Posted at 9:45 AM on March 14, 2007
by John Birge
Filed under: The blog
The latest noise scourge of the classical concert isn't cell phones, nor a swarm of locusts -- though that's getting closer.
The Ravinia Music Festival has revised its summer concert schedule because of the buzz created by cicadas, known for their loud hum, and their 17-year life cycle which brings them back en masse and in force this June. Several outdoor concerts will move indoors, and the Chicago Symphony's Ravinia season is pushed back to July 6, by which time the chirping critters should cease. Otherwise, says Ravinia president Welz Kauffman, the subtleties of the music ‘would get completely lost and drowned out”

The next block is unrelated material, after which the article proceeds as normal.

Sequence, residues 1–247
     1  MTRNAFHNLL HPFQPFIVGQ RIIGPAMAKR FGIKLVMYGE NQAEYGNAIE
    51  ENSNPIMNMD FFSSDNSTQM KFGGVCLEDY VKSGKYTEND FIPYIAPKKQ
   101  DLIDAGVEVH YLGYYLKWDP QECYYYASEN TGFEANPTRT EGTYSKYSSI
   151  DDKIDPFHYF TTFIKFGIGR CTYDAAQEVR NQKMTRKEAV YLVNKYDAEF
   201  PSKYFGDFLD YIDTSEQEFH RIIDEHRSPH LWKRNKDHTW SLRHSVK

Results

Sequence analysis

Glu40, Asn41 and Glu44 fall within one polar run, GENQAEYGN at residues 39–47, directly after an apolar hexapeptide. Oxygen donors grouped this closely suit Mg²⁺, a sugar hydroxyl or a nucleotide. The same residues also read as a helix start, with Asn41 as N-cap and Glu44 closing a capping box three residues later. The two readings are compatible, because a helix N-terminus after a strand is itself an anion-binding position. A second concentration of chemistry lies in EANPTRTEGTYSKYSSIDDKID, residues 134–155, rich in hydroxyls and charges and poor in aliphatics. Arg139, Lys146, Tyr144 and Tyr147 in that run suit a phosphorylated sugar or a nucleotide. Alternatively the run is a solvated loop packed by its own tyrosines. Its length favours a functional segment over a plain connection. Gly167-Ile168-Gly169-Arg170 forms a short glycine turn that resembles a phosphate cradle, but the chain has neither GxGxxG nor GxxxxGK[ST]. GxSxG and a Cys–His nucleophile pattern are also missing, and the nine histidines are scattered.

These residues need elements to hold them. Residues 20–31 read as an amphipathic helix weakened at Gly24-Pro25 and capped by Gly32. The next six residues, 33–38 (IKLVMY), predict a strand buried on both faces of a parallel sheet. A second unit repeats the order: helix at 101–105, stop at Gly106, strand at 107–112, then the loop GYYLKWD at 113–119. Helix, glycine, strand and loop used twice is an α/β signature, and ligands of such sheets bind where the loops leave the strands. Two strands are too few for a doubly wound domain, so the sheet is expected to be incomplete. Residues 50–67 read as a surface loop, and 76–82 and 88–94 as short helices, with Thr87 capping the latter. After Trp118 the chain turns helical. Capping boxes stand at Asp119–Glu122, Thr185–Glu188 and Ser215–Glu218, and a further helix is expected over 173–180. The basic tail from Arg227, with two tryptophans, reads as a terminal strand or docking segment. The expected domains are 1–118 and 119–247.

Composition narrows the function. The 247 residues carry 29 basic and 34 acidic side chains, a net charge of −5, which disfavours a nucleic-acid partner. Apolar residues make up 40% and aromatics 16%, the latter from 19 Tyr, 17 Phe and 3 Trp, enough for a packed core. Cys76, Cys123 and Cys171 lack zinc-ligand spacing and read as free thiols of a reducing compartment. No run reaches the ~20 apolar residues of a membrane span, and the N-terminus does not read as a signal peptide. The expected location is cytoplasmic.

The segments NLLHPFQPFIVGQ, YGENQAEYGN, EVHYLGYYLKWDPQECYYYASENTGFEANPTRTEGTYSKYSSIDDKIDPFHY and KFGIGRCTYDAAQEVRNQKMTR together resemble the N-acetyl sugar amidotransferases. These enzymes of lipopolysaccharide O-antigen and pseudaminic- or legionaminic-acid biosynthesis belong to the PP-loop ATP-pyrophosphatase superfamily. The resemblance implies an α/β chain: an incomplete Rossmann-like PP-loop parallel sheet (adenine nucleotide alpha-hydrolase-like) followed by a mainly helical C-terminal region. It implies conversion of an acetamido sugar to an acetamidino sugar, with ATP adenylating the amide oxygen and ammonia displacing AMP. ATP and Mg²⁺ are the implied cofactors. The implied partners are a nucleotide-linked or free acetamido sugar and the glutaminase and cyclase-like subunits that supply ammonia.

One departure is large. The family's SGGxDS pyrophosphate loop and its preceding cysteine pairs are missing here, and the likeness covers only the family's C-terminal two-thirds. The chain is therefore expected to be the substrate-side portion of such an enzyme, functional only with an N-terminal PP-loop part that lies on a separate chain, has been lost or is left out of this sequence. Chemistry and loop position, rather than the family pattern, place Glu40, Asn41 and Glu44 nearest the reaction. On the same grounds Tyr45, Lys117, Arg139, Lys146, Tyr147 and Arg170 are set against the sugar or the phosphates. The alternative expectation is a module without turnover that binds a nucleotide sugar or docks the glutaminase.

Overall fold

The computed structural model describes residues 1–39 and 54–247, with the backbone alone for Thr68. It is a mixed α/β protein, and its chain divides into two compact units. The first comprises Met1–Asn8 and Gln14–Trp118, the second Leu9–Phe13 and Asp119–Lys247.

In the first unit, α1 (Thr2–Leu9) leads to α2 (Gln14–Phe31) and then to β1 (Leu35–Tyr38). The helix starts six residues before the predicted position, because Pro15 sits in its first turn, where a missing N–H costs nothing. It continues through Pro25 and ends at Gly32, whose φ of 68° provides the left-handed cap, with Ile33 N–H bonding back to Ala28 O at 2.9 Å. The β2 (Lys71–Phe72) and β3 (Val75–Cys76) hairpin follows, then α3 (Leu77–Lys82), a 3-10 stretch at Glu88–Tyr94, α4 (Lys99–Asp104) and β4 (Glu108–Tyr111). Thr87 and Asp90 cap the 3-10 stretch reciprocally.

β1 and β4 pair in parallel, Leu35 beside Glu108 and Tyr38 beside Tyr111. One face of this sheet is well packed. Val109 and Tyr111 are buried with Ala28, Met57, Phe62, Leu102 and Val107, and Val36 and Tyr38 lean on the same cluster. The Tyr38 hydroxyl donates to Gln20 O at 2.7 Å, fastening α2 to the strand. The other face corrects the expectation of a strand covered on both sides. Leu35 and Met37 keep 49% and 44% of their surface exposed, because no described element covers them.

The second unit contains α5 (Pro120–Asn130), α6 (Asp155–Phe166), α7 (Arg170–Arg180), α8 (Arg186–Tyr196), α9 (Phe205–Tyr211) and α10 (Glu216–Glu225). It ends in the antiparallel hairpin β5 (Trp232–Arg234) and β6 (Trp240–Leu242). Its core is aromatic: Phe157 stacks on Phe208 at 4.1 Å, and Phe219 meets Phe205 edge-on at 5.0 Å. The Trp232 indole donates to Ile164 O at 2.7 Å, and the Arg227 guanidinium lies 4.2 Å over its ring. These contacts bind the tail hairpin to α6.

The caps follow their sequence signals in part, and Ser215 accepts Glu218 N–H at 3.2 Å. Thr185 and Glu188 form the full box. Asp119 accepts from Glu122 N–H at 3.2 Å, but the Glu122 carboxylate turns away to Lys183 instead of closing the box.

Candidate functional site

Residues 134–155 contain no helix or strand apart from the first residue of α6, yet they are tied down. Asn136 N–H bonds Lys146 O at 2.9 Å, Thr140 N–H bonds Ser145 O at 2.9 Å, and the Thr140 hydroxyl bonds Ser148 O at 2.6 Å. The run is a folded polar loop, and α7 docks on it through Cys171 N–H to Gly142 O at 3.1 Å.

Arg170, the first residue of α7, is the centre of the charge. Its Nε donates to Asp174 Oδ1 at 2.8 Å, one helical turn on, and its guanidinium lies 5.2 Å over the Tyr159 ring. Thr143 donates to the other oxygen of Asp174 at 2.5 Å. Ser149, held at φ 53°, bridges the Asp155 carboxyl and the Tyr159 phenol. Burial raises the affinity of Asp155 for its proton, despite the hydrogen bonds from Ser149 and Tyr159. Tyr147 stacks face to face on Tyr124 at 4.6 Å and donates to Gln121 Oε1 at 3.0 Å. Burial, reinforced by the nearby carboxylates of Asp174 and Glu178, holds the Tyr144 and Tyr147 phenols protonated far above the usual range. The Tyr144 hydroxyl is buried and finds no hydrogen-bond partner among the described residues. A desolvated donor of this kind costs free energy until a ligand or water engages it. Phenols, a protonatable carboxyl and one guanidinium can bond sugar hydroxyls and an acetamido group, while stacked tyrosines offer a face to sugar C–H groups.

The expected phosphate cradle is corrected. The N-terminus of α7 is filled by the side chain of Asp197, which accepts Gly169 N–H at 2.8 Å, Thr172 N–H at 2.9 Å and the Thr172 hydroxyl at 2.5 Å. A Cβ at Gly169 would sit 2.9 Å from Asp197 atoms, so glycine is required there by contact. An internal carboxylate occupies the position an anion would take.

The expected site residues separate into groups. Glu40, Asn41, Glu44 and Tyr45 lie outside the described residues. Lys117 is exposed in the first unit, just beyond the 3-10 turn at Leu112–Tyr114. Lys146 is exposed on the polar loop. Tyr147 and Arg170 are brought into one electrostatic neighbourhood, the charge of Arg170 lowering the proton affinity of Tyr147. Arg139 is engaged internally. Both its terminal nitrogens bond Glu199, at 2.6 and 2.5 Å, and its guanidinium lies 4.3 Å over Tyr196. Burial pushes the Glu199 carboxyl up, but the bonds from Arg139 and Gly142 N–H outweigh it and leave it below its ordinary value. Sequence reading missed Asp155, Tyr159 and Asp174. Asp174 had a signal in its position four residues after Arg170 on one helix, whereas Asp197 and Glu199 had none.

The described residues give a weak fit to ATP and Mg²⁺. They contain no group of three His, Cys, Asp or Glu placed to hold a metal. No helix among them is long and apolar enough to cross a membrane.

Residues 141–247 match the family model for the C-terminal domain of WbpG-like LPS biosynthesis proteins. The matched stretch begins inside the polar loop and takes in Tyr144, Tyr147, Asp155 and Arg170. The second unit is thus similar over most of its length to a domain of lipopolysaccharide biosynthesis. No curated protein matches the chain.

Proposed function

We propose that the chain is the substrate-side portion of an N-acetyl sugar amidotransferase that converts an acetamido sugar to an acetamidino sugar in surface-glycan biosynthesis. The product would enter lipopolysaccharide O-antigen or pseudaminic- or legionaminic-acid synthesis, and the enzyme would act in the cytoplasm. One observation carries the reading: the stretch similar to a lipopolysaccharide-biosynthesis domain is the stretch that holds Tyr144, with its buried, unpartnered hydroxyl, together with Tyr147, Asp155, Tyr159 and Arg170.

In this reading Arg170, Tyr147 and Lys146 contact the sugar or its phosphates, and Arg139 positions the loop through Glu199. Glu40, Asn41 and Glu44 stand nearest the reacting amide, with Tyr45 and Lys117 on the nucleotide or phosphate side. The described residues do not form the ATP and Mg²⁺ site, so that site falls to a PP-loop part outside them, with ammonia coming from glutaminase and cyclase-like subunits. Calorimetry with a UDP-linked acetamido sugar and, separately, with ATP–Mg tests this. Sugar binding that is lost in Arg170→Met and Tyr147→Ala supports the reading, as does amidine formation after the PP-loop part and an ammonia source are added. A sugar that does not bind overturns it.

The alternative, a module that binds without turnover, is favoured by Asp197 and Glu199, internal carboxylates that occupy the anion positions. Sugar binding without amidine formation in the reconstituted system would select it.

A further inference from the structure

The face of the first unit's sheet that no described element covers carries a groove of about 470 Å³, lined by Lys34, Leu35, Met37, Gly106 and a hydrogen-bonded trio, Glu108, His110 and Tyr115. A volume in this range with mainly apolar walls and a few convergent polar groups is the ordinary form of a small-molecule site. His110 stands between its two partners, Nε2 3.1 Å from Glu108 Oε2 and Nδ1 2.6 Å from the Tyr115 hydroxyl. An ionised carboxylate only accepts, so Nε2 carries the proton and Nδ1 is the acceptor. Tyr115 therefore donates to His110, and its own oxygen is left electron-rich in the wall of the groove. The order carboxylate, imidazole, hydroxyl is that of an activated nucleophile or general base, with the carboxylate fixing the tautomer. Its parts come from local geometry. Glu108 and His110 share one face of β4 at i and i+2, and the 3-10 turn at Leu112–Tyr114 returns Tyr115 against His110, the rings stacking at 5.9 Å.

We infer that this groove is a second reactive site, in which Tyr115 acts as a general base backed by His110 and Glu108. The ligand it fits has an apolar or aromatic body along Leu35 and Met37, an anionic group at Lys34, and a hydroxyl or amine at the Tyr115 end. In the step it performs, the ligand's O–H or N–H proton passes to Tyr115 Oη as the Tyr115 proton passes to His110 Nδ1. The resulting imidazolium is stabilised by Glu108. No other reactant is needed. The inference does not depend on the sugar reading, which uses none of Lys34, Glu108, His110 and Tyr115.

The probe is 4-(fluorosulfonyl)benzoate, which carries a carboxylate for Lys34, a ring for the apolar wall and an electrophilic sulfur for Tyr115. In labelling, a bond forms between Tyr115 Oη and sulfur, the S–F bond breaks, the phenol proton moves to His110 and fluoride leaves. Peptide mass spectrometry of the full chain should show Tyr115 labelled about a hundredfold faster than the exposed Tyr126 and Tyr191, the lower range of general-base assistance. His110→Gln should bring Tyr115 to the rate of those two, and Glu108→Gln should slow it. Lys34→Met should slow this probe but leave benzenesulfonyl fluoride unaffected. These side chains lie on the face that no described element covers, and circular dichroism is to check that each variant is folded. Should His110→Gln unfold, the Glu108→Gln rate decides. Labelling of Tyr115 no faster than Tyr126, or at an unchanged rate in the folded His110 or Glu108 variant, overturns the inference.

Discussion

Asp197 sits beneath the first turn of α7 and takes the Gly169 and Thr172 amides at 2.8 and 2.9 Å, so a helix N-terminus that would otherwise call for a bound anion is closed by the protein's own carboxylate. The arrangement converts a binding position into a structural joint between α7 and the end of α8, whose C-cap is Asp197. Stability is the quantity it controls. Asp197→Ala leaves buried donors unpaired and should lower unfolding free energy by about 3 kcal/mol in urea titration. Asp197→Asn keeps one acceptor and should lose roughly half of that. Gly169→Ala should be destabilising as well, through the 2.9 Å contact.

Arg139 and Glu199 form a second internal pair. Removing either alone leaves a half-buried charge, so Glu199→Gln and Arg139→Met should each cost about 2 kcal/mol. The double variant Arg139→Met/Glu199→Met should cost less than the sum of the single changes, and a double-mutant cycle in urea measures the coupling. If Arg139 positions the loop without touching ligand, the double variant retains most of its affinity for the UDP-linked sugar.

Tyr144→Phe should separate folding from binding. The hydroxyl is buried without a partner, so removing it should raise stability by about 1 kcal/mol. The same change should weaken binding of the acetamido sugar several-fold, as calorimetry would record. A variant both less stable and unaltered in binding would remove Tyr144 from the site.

Ravinia is no stranger to noise. From the New York Times a few years ago:
The Ravinia Festival north of Chicago owes its very existence to the railroad tracks it straddles, and to their onetime owner, the Chicago & Milwaukee Electric Railroad, which opened Ravinia in 1904 as an amusement park to attract more passengers. Several decades and rail companies later, Ravinia was "where the Chicago Symphony spends the summer." It is said that James C. Petrillo, as president of the American Federation of Musicians, got the trains to stop while the great Heifetz fiddled. Other notables fared less well. The suave and witty maestro Thomas Beecham conducted the Chicago Symphony in the summer of 1940, and declared Ravinia "the only railway station with a resident orchestra." He never returned.
BTW, noise concerns over the return of the cicadas are no exaggeration. We had the 17-year cicadas in Cincinnati in 1987. At their peak, I noticed while house-cleaning that the cicadas were so loud you could hear them above the noise of the vacuum cleaner! Amazing creatures.